Home Internet of Things Aerospace Apparel Energy Defense Health Care Logistics Manufacturing Retail

In Dunwoody, Ga., Police Use RFID to Open Gates

More than 30 gated communities in the city are installing technology to ensure that police vehicles that arrive at locked gates can obtain automatic entrance.
By Claire Swedberg
Aug 19, 2015

When officers of the Dunwoody Police Department, in Georgia, respond to calls in their city, there is a good chance that the individual in need of help will live in one of the area’s 30-plus gated communities. Until now, an officer needed to refer to a list of access codes, find the numerical code for a specific locked gate, and enter that code manually into the gate’s keypad. Often they found that the gate’s access code had been changed but the list had not been updated accordingly. Therefore, while a victim of a medical emergency, domestic violence or a robbery may be awaiting assistance, officers have needed to get creative to gain entrance through the gate, says Timothy Fecht, the Dunwoody police department’s public information officer.

The solution to the problem is being installed in all gated communities in Dunwoody, in observance of the city’s new Emergency Vehicles Access to Gated Communities ordinance, which requires the installation of an active RFID system known as SOS Silent. The technology, provided by a company called Siren Operated Sensor (SOS), ensures officers can gain entrance automatically via a battery-powered RFID tag in their vehicle, and a receiver integrated in the gate locking system.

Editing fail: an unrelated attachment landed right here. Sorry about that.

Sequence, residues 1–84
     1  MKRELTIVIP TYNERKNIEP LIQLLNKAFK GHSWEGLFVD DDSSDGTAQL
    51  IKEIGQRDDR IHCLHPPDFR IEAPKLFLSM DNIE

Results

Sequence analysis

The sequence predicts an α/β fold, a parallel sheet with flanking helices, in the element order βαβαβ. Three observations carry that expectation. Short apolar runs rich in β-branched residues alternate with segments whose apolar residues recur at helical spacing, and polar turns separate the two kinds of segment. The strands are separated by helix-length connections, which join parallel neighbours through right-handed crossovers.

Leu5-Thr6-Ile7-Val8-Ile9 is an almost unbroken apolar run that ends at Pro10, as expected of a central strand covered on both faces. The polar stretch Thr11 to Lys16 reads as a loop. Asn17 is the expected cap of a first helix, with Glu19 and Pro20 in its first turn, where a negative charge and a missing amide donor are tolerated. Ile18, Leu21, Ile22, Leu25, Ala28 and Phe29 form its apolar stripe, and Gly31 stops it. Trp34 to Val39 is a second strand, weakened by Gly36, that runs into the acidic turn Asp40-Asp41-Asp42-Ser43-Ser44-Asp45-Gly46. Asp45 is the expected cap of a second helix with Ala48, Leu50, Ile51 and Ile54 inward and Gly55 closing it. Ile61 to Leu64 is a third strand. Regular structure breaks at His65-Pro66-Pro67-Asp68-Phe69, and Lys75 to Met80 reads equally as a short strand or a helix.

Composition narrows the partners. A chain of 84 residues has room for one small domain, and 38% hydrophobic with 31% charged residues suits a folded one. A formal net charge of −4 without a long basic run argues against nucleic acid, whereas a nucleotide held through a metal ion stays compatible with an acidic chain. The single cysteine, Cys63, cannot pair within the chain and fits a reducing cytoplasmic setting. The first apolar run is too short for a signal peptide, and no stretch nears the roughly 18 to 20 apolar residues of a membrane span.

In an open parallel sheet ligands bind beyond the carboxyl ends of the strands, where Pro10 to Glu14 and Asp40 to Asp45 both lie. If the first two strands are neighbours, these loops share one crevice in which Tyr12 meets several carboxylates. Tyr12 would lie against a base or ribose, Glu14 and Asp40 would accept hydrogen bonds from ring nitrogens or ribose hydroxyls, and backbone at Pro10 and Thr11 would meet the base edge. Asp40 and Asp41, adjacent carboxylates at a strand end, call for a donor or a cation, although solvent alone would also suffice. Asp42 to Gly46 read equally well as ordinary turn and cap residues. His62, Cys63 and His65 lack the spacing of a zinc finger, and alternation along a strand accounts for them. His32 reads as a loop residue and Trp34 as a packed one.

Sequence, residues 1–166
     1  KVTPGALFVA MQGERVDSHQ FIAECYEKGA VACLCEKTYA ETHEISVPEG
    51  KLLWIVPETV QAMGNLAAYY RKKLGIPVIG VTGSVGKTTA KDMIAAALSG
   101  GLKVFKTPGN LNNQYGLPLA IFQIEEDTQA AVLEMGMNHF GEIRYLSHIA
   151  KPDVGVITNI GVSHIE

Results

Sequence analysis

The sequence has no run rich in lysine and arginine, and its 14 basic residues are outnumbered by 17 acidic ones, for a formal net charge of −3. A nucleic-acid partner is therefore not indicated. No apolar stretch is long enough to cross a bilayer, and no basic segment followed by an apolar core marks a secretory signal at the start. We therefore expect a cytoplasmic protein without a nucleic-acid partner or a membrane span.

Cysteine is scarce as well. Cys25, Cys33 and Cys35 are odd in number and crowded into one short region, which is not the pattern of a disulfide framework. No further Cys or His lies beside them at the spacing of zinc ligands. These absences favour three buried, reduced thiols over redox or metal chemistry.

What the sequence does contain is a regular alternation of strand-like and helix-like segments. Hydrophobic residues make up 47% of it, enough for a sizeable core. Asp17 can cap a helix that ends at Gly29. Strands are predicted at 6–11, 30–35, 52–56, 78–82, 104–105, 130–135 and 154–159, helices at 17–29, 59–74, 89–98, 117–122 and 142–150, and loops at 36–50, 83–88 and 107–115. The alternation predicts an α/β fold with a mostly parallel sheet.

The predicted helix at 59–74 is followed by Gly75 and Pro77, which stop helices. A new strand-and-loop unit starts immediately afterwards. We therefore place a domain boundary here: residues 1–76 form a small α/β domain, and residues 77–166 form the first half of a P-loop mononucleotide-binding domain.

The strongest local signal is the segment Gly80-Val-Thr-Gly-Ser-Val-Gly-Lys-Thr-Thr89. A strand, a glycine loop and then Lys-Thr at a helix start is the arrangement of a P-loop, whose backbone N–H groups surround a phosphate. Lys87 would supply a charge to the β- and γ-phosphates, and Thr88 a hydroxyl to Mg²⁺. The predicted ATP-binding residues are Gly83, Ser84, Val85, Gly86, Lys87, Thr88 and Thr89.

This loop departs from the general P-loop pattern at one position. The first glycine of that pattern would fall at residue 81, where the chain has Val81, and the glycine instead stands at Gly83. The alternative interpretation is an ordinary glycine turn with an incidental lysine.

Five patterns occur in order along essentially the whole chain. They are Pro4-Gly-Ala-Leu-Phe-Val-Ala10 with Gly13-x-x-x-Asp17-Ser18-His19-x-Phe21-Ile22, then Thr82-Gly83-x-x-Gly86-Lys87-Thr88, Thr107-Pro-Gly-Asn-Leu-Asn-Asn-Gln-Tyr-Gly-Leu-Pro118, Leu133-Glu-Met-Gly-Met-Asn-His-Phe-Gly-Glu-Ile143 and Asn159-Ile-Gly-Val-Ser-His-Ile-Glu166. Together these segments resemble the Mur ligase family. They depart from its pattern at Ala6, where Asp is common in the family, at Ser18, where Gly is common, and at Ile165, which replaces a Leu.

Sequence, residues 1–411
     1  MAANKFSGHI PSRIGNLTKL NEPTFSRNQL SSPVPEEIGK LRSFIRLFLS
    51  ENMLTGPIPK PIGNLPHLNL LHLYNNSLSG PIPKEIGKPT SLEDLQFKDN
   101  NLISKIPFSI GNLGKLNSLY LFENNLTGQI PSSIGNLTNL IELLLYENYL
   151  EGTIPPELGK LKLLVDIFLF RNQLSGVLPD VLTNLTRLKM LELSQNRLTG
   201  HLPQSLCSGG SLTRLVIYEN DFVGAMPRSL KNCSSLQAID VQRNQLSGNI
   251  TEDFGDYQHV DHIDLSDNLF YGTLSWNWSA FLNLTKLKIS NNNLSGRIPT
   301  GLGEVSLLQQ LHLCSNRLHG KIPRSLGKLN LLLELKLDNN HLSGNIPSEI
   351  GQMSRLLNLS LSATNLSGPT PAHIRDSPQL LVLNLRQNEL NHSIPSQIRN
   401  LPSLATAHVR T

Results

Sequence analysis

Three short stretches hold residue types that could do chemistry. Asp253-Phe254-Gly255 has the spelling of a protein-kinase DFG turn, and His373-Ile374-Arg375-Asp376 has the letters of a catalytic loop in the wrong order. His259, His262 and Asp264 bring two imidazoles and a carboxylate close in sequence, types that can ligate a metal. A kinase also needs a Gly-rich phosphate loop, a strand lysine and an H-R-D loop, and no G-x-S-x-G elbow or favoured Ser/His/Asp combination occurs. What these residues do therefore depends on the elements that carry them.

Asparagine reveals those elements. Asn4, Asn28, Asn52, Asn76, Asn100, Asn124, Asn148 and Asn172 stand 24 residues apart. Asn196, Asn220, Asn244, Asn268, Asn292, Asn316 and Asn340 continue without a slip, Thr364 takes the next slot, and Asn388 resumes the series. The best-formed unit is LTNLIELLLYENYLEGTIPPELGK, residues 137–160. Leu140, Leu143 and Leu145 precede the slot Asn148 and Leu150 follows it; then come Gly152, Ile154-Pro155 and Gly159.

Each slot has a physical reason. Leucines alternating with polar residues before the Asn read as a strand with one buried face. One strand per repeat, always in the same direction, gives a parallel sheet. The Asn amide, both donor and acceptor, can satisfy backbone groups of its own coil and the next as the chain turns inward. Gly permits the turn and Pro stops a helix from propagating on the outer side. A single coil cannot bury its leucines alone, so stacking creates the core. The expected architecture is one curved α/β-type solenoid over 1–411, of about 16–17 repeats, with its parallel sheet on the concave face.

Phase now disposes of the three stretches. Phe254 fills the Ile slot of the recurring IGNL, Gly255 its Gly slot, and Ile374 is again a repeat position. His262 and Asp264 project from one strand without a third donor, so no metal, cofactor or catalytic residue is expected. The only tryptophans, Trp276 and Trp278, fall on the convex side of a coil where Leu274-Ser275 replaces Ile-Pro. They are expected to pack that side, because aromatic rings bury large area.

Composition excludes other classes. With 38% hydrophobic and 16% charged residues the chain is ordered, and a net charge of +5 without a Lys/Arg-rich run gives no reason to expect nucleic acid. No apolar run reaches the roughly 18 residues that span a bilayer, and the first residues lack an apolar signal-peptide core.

Dunwoody Police Dept.’s Timothy Fecht
Fecht says the problem came to the attention of the city council when Dunwoody Councilmember Terry Nall spent a day accompanying officers on their rounds. Nall noticed that the community gates were in some cases causing delays in emergency response while officers searched for the proper access code. Often, Fecht says, the communities will change access codes, for instance when they hire a new gate management company, and they don’t always let police know when those access codes change. To gain entrance, officers waiting at a closed gate have needed to flag down assistance from a nearby resident, or even randomly dial phone numbers of residents inside, asking them to unlock that barrier.

Login and post your comment!

Not a member?

Signup for an account now to access all of the features of RFIDJournal.com!

Case Studies Features Best Practices How-Tos
Live Events Virtual Events Webinars
Simply enter a question for our experts.
RFID Journal LIVE! RFID in Health Care LIVE! LatAm LIVE! Brasil LIVE! Europe RFID Connect Virtual Events RFID Journal Awards Webinars Presentations
© Copyright 2002-2016 RFID Journal LLC.
Powered By: Haycco